# Install Linux Libraries for dependencies on R packages
sudo apt-get update -y
sudo apt-get install -y libssl-dev
sudo apt-get install -y libcurl4-openssl-dev
sudo apt-get install -y libxml2-dev
sudo apt-get install -y libpq-dev

# Install necessary R packages
sudo su - -c "R -e \"install.packages(c('httr','tidyverse','RPostgres'))\""

# Clone Git Repo
git clone

# Run R script to download data. This will also save data to a folder for loading data into the database.
/usr/bin/Rscript /home/rstudio/AWS_RShiny_wAPI/code/IndexPull.R

# Sweep data into database - will create tables if none exist
mkdir /home/rstudio/AWS_RShiny_wAPI/db_stg
/usr/bin/Rscript /home/rstudio/AWS_RShiny_wAPI/code/postgres_upd.R

# Setup cron to scrape data automatically and sweep to database
crontab -e

# Press i and then copy these two lines at the bottom of the cron file. 
# They will run twice daily to scrape and sweep 
00 12,22 * * * /usr/bin/Rscript /home/rstudio/AWS_RShiny_wAPI/code/IndexPull.R
10 12,22 * * * /usr/bin/Rscript /home/rstudio/AWS_RShiny_wAPI/code/postgres_upd.R

Now that you have the data stored down. We can setup a docker container that can host the API which would feed your custom Shiny App. In theory, this is extra steps, the Shiny App can be configured to read from the database or read in local files, but if you wanted to host the API or Shiny App on different machines, this is one option.

Below, we are going to pull a docker container and then start the container using a custom docker file. Detailed instructions can be found here.

# Pull Docker File
sudo systemctl start docker
sudo docker pull rstudio/plumber

# If you cloned my git repo, the command below should start a custom docker container
sudo docker build -t customdock /home/rstudio/AWS_RShiny_wAPI/plumber_api/
sudo docker run --rm -p 8000:8000 -v `pwd`/AWS_RShiny_wAPI/plumber_api/app:/app customdock /app/api.R

# Test that the API is now working. Enter the link below into a browser with your IP,Dow

# You can run this command to always keep the API Running
sudo docker run -p 8000:8000 -dit --restart=unless-stopped -v `pwd`/AWS_RShiny_wAPI/plumber_api/app:/app customdock /app/api.R

# Confirm API container is still up
sudo docker ps

Hosting a Shiny App

Now that Shiny is working, the API is up, and the database is running with data populated, we will set up a Shiny app that pulls from the database but can be redirected to pull from the API. I have already built the Shiny app so if you run the commands below, everything should work. This is a very simple app with a single chart and some drop downs to choose from.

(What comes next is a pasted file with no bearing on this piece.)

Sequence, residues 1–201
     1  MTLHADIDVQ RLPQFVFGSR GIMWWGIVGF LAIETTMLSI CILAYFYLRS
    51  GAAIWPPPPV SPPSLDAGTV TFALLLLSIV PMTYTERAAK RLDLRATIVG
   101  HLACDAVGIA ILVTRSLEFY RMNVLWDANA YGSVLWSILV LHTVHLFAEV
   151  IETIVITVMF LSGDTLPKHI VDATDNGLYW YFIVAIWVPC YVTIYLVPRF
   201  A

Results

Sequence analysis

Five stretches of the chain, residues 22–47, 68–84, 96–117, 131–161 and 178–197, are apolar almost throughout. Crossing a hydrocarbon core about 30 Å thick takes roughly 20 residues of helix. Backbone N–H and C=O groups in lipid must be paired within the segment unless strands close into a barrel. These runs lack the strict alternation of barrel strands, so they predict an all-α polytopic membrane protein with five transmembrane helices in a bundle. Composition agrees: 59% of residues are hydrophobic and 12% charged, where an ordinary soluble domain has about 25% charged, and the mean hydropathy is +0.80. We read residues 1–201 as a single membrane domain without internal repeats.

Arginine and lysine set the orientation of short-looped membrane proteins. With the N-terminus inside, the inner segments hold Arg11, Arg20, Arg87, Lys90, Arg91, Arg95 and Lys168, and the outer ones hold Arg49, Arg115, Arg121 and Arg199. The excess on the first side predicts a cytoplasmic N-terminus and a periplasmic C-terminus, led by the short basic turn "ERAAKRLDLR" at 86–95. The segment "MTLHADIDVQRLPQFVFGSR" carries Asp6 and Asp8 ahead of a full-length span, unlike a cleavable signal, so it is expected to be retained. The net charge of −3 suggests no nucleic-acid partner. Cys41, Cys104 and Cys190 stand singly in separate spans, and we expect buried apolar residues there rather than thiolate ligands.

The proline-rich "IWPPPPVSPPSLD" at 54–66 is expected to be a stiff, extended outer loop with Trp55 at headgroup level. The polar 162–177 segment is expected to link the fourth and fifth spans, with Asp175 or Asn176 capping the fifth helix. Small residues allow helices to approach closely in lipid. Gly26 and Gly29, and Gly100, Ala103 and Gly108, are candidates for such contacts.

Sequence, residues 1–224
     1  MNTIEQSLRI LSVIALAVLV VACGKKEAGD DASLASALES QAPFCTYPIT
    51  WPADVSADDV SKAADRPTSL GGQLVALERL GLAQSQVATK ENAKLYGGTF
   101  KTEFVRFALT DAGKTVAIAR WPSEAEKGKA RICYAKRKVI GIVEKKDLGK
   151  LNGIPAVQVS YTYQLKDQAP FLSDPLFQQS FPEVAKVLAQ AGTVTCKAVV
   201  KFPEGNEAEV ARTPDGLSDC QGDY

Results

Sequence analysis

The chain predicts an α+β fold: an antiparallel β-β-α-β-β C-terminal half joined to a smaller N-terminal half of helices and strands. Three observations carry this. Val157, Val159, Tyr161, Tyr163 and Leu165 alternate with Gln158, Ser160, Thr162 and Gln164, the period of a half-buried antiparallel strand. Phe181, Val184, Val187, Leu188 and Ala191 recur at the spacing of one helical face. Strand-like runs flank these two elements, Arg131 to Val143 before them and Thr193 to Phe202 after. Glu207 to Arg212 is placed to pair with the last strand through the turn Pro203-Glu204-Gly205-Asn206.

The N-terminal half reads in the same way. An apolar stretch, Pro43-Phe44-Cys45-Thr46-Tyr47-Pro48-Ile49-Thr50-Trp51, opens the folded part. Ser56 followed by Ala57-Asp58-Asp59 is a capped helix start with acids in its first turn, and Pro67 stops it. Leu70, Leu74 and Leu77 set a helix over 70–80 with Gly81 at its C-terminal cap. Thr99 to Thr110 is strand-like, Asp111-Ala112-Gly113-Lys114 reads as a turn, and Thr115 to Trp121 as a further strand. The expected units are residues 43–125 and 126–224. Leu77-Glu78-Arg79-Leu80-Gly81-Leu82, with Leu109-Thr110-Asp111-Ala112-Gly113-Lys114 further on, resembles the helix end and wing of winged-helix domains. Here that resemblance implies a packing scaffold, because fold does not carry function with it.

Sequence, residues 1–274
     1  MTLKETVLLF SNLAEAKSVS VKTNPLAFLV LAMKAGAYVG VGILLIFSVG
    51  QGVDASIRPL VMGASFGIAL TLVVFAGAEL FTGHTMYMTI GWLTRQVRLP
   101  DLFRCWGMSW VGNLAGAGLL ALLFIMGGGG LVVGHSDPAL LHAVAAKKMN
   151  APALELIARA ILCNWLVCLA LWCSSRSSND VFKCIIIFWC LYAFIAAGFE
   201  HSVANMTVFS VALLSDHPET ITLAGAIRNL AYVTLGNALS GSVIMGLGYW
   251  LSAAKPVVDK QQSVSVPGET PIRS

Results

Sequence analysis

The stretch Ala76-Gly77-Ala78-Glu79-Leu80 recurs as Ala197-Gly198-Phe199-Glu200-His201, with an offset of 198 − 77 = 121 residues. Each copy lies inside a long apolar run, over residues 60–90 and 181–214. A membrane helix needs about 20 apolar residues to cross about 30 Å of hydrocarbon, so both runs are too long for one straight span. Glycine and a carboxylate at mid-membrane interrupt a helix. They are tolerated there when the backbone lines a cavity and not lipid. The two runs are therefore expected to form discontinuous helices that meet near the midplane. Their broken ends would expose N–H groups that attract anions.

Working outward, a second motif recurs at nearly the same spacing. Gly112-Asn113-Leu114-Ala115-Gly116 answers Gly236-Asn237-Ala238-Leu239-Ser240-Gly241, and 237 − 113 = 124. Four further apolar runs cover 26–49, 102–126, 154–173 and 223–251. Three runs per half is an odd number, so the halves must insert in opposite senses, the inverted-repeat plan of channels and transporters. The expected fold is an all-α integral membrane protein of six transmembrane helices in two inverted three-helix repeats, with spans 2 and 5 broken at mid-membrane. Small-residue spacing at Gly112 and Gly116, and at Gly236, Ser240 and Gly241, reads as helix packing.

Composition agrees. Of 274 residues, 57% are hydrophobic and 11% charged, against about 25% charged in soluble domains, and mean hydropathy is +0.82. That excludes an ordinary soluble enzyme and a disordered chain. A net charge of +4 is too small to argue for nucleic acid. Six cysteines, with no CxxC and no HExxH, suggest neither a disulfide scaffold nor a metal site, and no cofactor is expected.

# Install Plotly
sudo su - -c "R -e \"install.packages(c('plotly'))\""

# Copy the App to the Shiny Server
sudo cp -rf /home/rstudio/AWS_RShiny_wAPI/example/ /srv/shiny-server/

# Visit your app to make sure it is running

# If there are any issues, you can check the logs
cd /var/log/shiny-server
sudo more ENTER LOG FILE

Connecting to the Postgres Database

Assuming port 5432 was opened to all IPs, there are still some changes to the Postgres configuration files in order to connect to the database with a tool like DB Visualizer. First go to the postgresql.conf file. This can be found in /etc/postgresql/12/main (or whichever version is installed instead of 12). Change the listen address to ‘*’ to allow for all connections. This can be done by entering ‘sudo vi postgresql.conf’ and going to CONNECTIONS AND AUTHENTICATION. Uncomment the listen_addresses and change localhost to ‘*’. Save and close the file.

Next go into pg_hba.conf and enter in ‘host all all md5’ under the first line that calls for TYPE DATABADE USER ADDRESS METHOD. Once saved you need to restart the database (service postgresql restart) and you can then connect from an outside source with proper login information.

Wrapping up

Congratulations! You have now stood up an AWS Server, created and connected to a database, web scraped some data, set up an API, and launched a dashboard. This is only scratching the surface of the amazing features that can be explored with any of these capabilities. Hopefully this gave you a foundation to get started!


For attribution, please cite this work as

Trevisan (2022, May 17). ALT Analytics: Setting up an AWS analytics server and API in minutes. Retrieved from

BibTeX citation

  author = {Trevisan, Tony},
  title = {ALT Analytics: Setting up an AWS analytics server and API in minutes},
  url = {},
  year = {2022}